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I was going to describe Brian Hill's film for Modern Times (BBC2) as "striking", until I recalled that "striking" is often just reviewer's code for "it certainly had an impact, but I'm still not quite sure what to make of it". It achieved its impact by being in black and white, by being inventive in its editing, and by employing the poet Simon Armitage to add a free verse voice-over, a literate drab-chic drone which appeared to have been written to a final cut, given the dutiful way in which it worked to refresh the visual cliches. Sometimes this was very effective: "Ranks of houses fall into line and number off," said Armitage, as the camera showed you a vista of terraced streets, a line which somehow caught the nostalgia that such scenes evoke, their regret for a time when National Service wasn't just a joke. Elsewhere, it couldn't quite carry you with it, as in Armitage's repeated assurance that you were looking at a "Leeds of the mind". Unless this was a posh way of saying it was all "totally mental", the phrase seemed way off target. This Leeds was unmistakably concrete: midnight mall-cobbles glazed by a roaming, arthropod street-sweeper, a raucous conga along the pavement, the ring-road coiled around the city, traffic dragging its slow length along.

The structure of the film was simple - a plait woven from four nights out - that of a shaggy, dazed drug-head, a fun-addicted drag queen, a self-made carpet tycoon doing some pub entertaining, and a middle-class dinner party, complete with cute place-names and brittle marital exchanges. I didn't quite buy the film's implication of equivalence myself - that the boozy dinner party was just a variation on Shaggy's pharmaceutical bender or Drag Queen's shrieking trawl through nightclub toilets. Armitage underwrote this suggestion with a sequence of lines beginning: "What drugs is...", lines which recapitulated the catholic pleasures you had seen, from six Es to "two puddings". But you couldn't help thinking that Shaggy wouldn't be going to work on Monday to pay for his poison, and that a spot of transvestitism was likely to be less permanently damaging than his attempts at a pill- popping personal best.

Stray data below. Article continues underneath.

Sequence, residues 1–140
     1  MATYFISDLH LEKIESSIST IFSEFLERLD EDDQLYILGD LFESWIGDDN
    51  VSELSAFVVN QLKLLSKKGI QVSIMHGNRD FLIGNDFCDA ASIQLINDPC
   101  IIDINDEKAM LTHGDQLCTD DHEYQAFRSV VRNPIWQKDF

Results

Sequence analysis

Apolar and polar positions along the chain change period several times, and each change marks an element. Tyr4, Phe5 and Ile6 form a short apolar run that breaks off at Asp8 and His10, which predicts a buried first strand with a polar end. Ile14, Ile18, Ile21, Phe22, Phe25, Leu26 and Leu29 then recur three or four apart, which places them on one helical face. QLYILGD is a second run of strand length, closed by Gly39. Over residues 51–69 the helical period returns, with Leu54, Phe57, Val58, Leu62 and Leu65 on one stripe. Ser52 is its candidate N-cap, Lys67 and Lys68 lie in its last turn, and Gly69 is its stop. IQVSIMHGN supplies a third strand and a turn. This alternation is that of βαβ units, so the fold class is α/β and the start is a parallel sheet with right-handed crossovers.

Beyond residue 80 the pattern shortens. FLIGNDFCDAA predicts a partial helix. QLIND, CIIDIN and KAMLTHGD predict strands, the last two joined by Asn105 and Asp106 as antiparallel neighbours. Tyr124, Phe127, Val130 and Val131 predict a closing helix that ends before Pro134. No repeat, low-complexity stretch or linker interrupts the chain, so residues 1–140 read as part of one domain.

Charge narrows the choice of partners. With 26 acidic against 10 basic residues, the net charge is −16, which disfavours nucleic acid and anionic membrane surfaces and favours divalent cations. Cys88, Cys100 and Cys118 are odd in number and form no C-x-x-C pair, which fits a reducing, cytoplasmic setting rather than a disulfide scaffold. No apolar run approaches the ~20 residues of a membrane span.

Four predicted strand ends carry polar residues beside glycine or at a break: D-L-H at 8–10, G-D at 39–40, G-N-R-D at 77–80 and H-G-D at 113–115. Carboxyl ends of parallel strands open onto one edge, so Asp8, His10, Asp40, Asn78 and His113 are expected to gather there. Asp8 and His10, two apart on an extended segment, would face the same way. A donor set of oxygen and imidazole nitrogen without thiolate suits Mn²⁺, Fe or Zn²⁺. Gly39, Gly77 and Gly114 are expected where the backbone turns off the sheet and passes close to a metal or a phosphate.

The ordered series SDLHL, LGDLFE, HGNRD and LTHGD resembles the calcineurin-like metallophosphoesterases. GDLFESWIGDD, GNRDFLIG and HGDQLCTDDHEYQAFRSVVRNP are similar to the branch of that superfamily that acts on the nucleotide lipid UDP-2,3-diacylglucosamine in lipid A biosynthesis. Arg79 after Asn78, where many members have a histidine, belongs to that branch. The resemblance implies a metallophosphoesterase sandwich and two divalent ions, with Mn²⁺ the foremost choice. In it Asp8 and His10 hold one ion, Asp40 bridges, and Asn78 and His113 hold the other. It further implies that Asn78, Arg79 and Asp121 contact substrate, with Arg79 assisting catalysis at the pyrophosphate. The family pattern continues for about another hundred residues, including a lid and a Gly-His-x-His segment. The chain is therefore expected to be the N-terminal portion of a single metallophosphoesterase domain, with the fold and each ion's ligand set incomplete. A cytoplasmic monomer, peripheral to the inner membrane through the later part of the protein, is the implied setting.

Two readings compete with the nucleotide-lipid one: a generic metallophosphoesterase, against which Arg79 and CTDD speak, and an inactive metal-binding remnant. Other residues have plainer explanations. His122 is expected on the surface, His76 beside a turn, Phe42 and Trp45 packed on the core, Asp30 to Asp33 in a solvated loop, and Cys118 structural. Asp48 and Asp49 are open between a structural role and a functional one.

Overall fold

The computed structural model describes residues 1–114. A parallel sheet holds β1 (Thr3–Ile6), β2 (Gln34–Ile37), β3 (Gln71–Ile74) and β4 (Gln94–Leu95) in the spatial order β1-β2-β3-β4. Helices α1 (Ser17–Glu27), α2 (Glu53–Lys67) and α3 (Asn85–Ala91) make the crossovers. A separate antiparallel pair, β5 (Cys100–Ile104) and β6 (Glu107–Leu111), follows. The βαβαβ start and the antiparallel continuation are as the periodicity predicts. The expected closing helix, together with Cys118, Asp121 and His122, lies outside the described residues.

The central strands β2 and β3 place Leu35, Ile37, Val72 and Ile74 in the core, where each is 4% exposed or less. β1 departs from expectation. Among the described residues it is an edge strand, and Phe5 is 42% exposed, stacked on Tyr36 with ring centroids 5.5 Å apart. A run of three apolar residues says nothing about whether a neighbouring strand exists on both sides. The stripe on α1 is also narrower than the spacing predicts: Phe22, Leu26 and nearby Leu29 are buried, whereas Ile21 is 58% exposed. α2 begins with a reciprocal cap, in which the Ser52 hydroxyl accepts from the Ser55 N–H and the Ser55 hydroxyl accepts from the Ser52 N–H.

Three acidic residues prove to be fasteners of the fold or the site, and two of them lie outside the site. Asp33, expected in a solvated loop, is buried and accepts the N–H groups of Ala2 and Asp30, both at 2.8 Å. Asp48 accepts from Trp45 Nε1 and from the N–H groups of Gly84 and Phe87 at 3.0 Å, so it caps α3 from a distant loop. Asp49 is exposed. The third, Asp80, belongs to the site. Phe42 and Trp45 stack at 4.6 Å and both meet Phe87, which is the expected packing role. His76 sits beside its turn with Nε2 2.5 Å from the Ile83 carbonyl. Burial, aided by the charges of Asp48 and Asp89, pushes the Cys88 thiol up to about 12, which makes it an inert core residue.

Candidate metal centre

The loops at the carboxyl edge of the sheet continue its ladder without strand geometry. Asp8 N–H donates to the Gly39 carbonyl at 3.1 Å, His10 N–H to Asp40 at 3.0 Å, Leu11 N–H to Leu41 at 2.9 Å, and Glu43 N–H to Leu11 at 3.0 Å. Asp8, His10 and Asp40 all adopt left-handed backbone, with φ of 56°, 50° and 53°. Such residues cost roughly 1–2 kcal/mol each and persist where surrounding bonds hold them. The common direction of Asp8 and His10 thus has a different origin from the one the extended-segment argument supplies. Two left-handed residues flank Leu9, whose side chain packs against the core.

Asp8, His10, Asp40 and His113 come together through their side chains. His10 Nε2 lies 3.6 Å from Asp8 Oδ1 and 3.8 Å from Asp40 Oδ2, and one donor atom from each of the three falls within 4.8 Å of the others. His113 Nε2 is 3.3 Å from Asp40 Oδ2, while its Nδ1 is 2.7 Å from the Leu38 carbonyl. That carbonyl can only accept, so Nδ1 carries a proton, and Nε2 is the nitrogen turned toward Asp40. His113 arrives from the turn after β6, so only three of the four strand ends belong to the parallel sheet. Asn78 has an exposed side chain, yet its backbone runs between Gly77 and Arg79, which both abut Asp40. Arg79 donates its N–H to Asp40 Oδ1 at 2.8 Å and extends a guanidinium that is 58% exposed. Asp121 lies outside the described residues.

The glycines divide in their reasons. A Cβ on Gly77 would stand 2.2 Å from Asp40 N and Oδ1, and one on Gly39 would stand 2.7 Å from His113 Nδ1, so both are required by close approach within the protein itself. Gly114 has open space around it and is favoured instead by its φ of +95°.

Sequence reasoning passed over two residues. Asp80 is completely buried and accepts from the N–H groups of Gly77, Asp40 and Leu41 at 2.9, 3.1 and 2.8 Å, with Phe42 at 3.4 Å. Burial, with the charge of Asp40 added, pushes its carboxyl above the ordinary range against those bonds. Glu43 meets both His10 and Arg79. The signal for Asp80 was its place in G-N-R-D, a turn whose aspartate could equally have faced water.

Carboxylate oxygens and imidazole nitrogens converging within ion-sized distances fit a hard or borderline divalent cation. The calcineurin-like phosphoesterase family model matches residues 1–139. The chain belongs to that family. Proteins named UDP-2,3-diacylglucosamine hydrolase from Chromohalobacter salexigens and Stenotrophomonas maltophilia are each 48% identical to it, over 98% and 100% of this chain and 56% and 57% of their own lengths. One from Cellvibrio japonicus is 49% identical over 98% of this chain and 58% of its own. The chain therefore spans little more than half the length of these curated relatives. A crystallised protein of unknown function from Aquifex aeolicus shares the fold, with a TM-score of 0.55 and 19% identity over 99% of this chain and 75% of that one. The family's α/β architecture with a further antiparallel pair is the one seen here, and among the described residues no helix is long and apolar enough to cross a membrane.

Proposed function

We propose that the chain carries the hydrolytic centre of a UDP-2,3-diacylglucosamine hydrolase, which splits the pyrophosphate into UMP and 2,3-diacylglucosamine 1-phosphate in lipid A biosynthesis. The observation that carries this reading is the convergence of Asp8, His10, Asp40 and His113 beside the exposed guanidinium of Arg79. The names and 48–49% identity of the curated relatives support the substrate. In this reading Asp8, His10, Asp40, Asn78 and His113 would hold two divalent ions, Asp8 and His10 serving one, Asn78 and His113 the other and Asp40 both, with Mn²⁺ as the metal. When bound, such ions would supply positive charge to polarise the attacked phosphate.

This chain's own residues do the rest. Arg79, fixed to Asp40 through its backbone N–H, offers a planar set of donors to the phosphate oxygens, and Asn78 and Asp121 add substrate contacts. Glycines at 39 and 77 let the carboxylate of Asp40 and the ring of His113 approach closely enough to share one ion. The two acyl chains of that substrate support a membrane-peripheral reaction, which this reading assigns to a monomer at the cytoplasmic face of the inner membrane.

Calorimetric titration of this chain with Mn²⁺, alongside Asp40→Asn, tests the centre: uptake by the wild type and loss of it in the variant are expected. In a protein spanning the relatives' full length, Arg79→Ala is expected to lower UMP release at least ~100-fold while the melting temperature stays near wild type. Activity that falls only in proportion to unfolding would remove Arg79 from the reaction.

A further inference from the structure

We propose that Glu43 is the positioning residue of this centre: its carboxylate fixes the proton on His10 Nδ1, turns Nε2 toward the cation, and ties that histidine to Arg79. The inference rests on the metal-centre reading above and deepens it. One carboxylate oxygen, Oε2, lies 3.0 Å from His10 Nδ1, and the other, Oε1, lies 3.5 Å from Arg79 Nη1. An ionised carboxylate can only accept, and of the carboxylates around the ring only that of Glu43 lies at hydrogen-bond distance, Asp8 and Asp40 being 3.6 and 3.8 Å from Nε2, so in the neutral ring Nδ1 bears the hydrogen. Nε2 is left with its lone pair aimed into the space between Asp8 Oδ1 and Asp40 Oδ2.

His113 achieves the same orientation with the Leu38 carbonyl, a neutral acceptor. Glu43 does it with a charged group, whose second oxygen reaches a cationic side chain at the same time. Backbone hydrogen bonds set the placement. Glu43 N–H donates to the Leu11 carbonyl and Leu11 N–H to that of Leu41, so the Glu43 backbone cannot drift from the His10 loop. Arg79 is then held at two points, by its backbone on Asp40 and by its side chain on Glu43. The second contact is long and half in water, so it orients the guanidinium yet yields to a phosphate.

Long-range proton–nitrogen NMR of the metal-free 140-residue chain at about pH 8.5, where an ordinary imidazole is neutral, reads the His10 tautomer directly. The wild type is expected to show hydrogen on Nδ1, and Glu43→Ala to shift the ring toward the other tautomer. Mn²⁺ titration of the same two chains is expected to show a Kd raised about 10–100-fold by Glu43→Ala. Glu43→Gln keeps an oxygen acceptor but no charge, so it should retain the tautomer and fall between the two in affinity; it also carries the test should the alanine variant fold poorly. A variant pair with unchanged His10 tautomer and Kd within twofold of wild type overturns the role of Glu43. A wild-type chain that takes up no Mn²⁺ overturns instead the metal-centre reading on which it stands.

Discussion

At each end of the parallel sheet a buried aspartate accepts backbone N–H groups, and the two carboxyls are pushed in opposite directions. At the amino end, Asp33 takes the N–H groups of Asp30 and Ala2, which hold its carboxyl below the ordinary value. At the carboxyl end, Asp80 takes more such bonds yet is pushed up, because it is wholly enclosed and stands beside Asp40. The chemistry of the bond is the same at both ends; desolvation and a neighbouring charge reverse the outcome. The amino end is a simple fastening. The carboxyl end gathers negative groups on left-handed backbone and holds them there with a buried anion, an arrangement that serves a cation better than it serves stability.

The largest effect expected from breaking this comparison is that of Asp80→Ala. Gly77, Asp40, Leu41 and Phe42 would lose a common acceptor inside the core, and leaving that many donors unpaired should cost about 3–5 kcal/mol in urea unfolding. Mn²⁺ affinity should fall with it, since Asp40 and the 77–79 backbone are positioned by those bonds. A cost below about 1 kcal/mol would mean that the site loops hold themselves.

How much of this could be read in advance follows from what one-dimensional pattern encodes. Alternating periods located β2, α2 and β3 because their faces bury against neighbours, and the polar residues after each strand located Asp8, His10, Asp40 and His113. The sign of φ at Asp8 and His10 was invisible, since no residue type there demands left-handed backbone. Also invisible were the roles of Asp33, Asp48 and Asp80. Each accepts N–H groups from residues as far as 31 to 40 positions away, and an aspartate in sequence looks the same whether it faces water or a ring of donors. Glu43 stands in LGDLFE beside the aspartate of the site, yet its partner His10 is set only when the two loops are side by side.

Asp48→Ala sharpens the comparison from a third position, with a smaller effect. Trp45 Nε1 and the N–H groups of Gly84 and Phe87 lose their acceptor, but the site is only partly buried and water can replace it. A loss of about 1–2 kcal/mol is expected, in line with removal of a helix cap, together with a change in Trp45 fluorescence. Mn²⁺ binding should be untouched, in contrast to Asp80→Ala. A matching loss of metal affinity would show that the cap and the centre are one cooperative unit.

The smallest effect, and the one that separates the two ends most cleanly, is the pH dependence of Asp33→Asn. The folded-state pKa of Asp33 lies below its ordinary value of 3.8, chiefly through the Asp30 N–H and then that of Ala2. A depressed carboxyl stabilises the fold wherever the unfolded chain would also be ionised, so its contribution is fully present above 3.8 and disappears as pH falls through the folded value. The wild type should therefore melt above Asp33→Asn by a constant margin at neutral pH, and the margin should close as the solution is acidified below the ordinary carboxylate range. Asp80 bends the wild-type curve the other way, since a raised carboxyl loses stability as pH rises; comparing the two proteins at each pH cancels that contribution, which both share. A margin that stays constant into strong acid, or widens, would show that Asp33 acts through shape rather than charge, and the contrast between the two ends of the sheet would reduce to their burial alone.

It wasn't half interesting to watch though - particularly the exquisite slump of the dinner party, from clumsy jokes as people settled in ("That looks like something out of the bottom of me golf bag," said Host as Hostess served up a liquid pat of beef stew) to the ugly candour of booze. Arguments turned into quarrels as you watched, the men and women curdling and separating like rancid milk. The whole film was sour, in truth - about as disenchanted with fun as it is possible to get without slitting your wrists - but it left you feeling buoyed up rather than depressed - simply relieved that you had spent the night in.

If you were to take the temperature of Silent Witness (BBC1), which ended its first run last night, you would probably have to use a rectal thermometer. How long has it been dead? Well, it all depends on the ambient conditions, officer; any armchair pathologist could tell you that. They are well-suited to the preservation of corpses, anyway - chilly, neon-bleached, the sort of place in which people lower their voices and tiny noises resonate. Tucked into the plot, like an inadequate fan-heater trying to take the edge off the cold, is Dr Ryan's tragic moment, the assassination of her RUC father after a row. Last night the series finally found some emotional pay-off for all this glacial control. "Detachment - that's the secret, eh?" said DI Adams, bracing himself to act as witness to the autopsy of the woman he loves. He broke down, and it was moving. But doesn't the marrow freeze a little at the prospect of such calculated slaughter? It looked more like dramatic spite than a plausible plot development - "If you won't cry, we'll kill your favourite character. That'll teach you". Intriguingly, after the explicit anatomy lessons of earlier episodes, DC Cox was allowed to keep her lights under a bushel - corpses can earn their internal privacy it seems.